Six Unbelievable Close-Up Snowflakes That Reveal the Magic of Winter
When the first flakes start to fall, we look forward to hitting the slopes, making snow angels and revving the engines of our snowmobiles. Fresh snow gives us the chance to head outside and take in the magic of winter. And while this year's winter has started out mild, we're anxiously awaiting the next big snowfall.
So, the next time you're out enjoying a snow day, grab your camera and get up-close with what makes Pure Michigan a winter wonderland - snowflakes! Photographer Joshua Nowicki shares his tips for photographing these one-of-a-kind beauties.
As the snow accumulates over the winter months, it is easy to lose appreciation for the beauty of winter. As the snow builds layer after layer, I find it therapeutic to take a closer look and enjoy the wonders of a single snowflake.
A little over a year ago, I received gift of a +1, +2 and +4 set of close-up macro filters to use on a lens for my camera. It was snowing that day, and almost immediately, I was outside trying to take photos of snowflakes. I searched for snowflakes lying on leaves, pine needles, windshields anywhere I could find them isolated or on a dark background. I was spending a lot of time searching for individual snowflakes and not much time taking photos. So, I decided that I needed to find a better way to capture my subject. I tried a variety of different materials to catch snowflakes on, and found that I had the best luck using an old blue stocking cap. The snowflakes land at angles propped up by the frayed fibers of the stocking cap, and this provides a little separation from the rest of the material.
The macro filters gave me a closer view of the snow than I had ever seen before; but I wanted to get closer. I was using the macro filters on an 18-55mm lens, and then, I switched to trying them on a 55-200mm lens. This worked reasonably well, but I felt like I was getting too much distortion in the images that I took. So, I kept searching for another way. I could not justify the cost of a macro lens, therefore I kept experimenting. I finally decided upon using electrical tape to attach one lens backward in front of another lens. My favorite combination is currently a 55-200mm lens with a 50mm lens. For lighting the snowflakes, I use an external camera flash and flashlight. It is not a beautiful set up, but it is an effective one.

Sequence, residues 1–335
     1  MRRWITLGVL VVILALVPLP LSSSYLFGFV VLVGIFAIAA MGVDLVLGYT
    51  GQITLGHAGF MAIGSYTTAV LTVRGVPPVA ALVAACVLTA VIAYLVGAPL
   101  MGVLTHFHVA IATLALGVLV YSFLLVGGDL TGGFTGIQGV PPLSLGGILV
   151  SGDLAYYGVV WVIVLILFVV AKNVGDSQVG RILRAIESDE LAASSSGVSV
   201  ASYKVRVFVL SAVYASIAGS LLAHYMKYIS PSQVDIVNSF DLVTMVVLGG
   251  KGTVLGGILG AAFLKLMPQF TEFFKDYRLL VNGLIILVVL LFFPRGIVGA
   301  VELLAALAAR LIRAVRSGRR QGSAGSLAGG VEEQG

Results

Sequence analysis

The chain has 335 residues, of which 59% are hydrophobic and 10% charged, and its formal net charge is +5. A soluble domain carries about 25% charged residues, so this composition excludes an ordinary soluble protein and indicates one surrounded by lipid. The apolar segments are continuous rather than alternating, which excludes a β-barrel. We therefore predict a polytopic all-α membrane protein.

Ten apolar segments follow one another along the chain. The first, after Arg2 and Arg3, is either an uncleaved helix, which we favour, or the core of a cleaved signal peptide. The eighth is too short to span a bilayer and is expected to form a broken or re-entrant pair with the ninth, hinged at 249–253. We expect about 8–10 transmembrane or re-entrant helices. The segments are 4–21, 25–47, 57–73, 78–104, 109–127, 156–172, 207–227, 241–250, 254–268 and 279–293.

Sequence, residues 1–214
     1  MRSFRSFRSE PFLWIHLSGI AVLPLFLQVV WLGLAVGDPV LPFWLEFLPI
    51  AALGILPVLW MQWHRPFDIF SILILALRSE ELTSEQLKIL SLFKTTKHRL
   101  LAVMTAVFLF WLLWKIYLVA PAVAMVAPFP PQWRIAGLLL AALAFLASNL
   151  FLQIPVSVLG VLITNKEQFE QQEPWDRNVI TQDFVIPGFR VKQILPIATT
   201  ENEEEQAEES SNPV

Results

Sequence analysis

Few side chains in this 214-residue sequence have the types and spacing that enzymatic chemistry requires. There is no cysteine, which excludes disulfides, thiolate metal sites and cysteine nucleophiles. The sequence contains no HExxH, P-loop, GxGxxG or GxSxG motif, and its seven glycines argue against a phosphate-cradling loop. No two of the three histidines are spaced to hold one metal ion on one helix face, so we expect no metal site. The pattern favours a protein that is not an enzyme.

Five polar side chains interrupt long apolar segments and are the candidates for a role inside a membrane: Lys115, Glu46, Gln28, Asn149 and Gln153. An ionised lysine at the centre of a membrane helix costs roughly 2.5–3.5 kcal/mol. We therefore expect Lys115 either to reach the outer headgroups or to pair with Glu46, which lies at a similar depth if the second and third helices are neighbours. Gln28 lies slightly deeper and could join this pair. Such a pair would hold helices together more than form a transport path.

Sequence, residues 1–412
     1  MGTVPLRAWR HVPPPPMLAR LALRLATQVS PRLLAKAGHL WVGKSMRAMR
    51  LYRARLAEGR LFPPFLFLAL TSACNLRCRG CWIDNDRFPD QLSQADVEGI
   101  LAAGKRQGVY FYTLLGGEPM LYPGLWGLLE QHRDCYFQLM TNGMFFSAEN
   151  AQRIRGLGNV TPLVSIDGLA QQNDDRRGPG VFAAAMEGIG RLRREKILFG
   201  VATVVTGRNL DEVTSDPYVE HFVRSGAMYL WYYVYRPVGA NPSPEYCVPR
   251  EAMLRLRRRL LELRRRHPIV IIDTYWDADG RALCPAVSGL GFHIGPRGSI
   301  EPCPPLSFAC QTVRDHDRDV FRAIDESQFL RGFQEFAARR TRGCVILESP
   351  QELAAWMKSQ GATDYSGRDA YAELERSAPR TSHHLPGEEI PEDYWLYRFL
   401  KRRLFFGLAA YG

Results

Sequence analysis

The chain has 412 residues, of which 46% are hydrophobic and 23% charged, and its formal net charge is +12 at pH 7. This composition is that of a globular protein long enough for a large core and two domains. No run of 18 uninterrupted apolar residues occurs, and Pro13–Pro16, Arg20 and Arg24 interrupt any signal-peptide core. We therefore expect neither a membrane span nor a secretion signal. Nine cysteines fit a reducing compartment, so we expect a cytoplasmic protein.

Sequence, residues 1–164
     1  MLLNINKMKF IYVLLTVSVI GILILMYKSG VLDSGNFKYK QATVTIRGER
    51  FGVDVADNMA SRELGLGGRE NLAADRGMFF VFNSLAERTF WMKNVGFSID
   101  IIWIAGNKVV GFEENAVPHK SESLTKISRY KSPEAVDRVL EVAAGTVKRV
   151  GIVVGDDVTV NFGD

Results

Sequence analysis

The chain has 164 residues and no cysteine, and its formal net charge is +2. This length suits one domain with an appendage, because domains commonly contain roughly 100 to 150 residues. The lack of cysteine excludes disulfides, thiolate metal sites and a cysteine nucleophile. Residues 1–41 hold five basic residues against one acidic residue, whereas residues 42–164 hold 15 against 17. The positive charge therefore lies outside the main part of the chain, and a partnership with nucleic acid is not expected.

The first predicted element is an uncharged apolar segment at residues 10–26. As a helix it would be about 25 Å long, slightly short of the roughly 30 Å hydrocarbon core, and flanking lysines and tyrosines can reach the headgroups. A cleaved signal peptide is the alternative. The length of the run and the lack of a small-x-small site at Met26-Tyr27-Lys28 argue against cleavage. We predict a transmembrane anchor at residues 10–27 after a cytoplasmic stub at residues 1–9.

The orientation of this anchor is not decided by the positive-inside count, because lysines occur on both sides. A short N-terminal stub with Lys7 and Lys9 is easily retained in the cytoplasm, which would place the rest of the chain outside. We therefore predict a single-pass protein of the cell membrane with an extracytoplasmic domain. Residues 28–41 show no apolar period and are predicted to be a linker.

The level of magnification that this has allowed me has been astounding. Details that I never thought I would be able to see in person, I could now photograph. I have been amazed by the variety of shapes of snowflakes and dazzled by the intricate and delicate detail of each individual snowflake. As the weather and temperature change, the shapes and sizes of the snowflakes also change. Two of my favorite snowflake shapes are sectored plates and stellar dendrites.
Every time it snows, I find myself running outside to see what the snowflakes look like. Frequently, I have had to explain to neighbors and people passing by why I am sitting in the snow taking close up photos of my stocking cap. Many of them chuckled until I showed them the photos I was taking. The next time it snows, before you grab your shovel, take a moment to sit in the snow with a camera or magnifying glass and enjoy one of the true marvels of winter. See their beauty below.
What’s your favorite way to spend a snow day? Share your photos enjoying the snow using #PureMichiganSnowDay on Twitter and Instagram or visit michigan.org/snowday.
Joshua Nowicki is a St. Joseph, Michigan based photographer specializing in landscape, nature, architecture, and food photography. His photos can be viewed online on Facebook or his website.